An Islamophobic Witch Trial in Moscow Ends with Hefty Sentences for Swarthy Men Who Read Banned Books

KMO_169609_00017_1_t218_222045Defendants in the trial holding up a homemade placard that reads, “Oh people! Wake up. We’re not tourists.” Photo courtesy of Kristina Kormilitsyna and Kommersant. Thanks to Sergey Abashin for the heads-up

In Moscow, Hizb ut-Tahrir Defendants Sentenced to 11 to 16 Years in Prison
OVD Info
February 15, 2019

The Moscow District Military Court has sentenced defendants in the so-called Hizb ut-Tahrir case to eleven to sixteen years in medium security penal colonies, reports Moscow News Agency.

The men were found guilty of violating either Russian Federal Criminal Code Article 205.5 Part 1 or Part 2, which criminalizes involvement in the work of an organization deemed a terrorist organization. According to investigators, the accused men read “banned literature, including religious and ideological texts” in a rented apartment in Moscow from October 7, 2016.

The prosecutor had originally asked the court to sentence the accused men to thirteen to seventeen years in prison.

Interfax reports that Zafar Nodirov, the cell’s alleged leader, Farhod Nodirov, and Hamid Igamberdyev received the maximum sentences.

Sobirjon Burhoniddini, Alijon Odinayev, Muradjon Sattorov, Otabek Isomadinov, and Aziz Hidirbayev were sentenced to eleven to twelve years in maximum security penal colonies.

Four of them did not deny their involvement in Hizb ut-Tahrir. They claimed the organization was a political party whose members did not engage in prohibited activities.

The twelve natives [sic] of Central Asia were arrested in December 2016. Three defendants in the case pleaded guilty and were sentenced to ten to twelve years in maximum security penal colonies.

Hizb ut-Tahrir is an international pan-Islamist political organization. It is banned in a number of Muslim countries and Russia. It is also banned in Germany for not recognizing the state of Israel. The SOVA Center for Information and Analysis has argued the party has been wrongfully deemed a “terrorist” organization in Russia.

Thanks to Elena Zaharova for the heads-up and for caring. Translated by the Russian Reader

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Why Ban Hizb Ut-Tahrir? They’re Not Isis—They’re Isis’s Whipping Boys
William Scates Frances
The Guardian
February 12, 2015

Another day, another Islamic State (Isis) meme. This one is a rather well done mimicry of the pamphlet style of Hizb ut-Tahrir. Its title reads “Hizb ut-Ta’khir”—translated roughly as the “party of delay”—and its bold headline reads, “Establishing the Khilafah since 1953.”

Beneath, the disclaimer reads: “I know, we have got nowhere so far, but we have lots of conferences and heaps of flags and are really good at sitting in cafes.”

This is not the first meme about Hizb ut-Tahrir to be spread around the oft deleted and resurrected pro-Isis Twitter handles. The Dawlah twittersphere (Dawlah meaning “state,” shorthand for Islamic State) is full of them, all of a similar theme, all targeting Hizb ut-Tahrir.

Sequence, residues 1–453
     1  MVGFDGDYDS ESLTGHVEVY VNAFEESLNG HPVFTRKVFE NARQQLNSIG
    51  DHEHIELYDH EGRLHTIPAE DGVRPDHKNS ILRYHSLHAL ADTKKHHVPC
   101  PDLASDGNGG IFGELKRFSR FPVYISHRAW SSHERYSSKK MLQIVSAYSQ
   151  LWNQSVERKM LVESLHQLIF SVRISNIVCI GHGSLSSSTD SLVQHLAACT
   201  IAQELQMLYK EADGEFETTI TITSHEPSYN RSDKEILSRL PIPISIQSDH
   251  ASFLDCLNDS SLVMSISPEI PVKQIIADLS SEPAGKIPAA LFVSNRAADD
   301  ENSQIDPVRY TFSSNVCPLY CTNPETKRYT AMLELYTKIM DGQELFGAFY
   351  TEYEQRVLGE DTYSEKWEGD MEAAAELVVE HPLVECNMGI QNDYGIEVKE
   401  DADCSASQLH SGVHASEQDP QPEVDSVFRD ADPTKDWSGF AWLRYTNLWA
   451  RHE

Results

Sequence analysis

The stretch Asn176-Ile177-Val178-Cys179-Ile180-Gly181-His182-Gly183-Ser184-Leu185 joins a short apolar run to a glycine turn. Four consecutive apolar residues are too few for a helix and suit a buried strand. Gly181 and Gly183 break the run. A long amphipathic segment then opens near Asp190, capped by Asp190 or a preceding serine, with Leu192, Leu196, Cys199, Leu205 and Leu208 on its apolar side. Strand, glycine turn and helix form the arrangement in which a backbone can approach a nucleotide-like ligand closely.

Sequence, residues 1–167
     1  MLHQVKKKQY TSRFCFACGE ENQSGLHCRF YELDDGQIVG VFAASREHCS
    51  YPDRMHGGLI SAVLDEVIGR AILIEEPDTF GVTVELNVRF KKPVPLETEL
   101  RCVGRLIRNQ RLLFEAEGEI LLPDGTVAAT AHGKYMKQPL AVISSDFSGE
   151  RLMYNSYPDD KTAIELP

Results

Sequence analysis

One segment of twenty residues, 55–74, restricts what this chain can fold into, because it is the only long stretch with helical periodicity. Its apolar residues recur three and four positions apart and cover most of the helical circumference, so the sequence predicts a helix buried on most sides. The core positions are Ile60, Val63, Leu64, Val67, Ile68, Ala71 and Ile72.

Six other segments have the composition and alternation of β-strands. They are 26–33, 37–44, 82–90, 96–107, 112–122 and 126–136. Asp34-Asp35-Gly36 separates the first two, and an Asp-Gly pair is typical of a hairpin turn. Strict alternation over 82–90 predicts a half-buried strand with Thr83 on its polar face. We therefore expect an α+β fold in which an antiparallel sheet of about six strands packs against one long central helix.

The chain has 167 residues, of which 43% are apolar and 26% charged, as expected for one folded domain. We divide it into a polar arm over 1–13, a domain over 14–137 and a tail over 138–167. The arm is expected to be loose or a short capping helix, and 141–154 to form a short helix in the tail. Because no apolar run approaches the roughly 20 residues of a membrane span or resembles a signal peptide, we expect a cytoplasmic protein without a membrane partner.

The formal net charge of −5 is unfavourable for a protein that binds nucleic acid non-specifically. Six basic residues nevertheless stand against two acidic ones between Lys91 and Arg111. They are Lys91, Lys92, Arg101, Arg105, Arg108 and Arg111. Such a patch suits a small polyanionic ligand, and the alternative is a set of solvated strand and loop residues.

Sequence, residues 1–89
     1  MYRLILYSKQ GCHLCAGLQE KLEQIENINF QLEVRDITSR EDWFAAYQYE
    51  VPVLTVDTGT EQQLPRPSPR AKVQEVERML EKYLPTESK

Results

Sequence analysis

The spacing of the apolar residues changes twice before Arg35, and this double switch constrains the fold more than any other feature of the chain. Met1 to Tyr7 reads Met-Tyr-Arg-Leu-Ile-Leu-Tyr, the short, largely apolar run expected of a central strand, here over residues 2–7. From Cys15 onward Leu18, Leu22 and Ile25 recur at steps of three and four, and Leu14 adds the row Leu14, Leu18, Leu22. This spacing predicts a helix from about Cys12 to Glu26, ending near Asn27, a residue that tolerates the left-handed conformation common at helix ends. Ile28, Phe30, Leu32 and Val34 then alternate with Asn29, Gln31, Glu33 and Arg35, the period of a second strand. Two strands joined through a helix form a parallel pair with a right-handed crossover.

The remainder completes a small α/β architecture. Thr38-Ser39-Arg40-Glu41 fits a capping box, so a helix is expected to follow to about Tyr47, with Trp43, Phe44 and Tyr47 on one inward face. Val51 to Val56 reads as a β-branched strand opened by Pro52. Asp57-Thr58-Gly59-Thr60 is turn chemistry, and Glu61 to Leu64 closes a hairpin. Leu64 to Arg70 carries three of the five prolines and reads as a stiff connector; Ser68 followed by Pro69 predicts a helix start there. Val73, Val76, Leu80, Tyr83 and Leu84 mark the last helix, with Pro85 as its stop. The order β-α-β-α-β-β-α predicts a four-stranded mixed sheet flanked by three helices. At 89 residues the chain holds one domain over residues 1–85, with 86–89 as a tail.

Reading much of the commentary in recent months, you would not expect Hizb ut-Tahrir to be the target of Isis supporters’ mockery. However, contrary to the common equivalency made between the two groups, the gap between Isis and the Hizb has never been wider. They are not only very different, but for some time have been in active opposition.

Hizb ut-Tahrir is a nonviolent political group that imagines itself as speaking truth to power from within the belly of the beast. Isis is a violent utopian movement that views staying in the west as inherently suspect. Hizb ut-Tahrir’s membership are generally inclined towards the classical Islamic sciences, while Isis affiliates are “Salafi-Jihadi” in approach.

Hizb ut-Tahrir has a party structure, with defined roles and official party lines. Isis is scattered, with isolated spokespeople of varied authority and rhetorical skill. The primary similarity between the two is their religion, but when their membership, approach, rhetoric and demographics are so utterly distinct, the comparison stops there.

In Australia, Hizb ut-Tahrir is something like the Muslim equivalent of a socialist student movement. Its prominent members are mostly tertiary-educated and imagine themselves as a sort of Muslim consulate to the west. They are avowedly nonviolent in their approach, but do not shy away from supporting specific “mujahedeen” groups in current conflicts, though this support has rarely been found to go beyond the rhetorical and is confined to wars within the Muslim world.

Like the aforementioned socialist student groups, their main form of communication comes through pamphlets and fiery speeches delivered by a small cadre of speakers from within their party structure.

Isis, on the other hand, is nothing like this. While in Raqqa and Mosul the group has something approaching a governance structure, in Australia the supporters of the group have no coherent hierarchy. Rather, “Dawlah fanboys,” as they are known to some, are scattered individuals confined to hidden Facebook groups, anonymous Twitter accounts and the occasional coy “spokesperson.”

They imagine the Islamic State as a sort of Muslim utopia, a land “free of humiliation.” They view themselves as destined to fight the good fight against the tyranny and disbelief which defines a postcolonial Muslim world. That they use memes is telling; they are a wholly different demographic from Hizb ut-Tahrir. Much of their membership seems to be both less educated and of a lower socioeconomic status. They deride the Hizb as all talk, and say as much often and publicly.

On the other side, Hizb ut-Tahrir has, in the few media releases in which they address Baghdadi directly, invoked verses of the Qur’an regarding the curse of God upon tyrants and their servants. This rhetoric has only increased since a senior member of the group was reportedly executed in Aleppo for “questioning Baghdadi’s self-proclaimed Caliphate.” Hizb ut-Tahrir called dibs on the Caliphate, and they view Baghdadi’s group and his title as wholly illegitimate.

Much was made of Wassim Dourehi’s refusal to denounce Isis during his Dateline interview with Emma Albarici. This was no show of support; Dourehi’s refusal was Hizb ut-Tahrir exposing the media’s ignorance of their movement. Further, it only takes a cursory look at Hizb ut-Tahrir’s website to see that they are embroiled in a bitter and ongoing feud with Isis.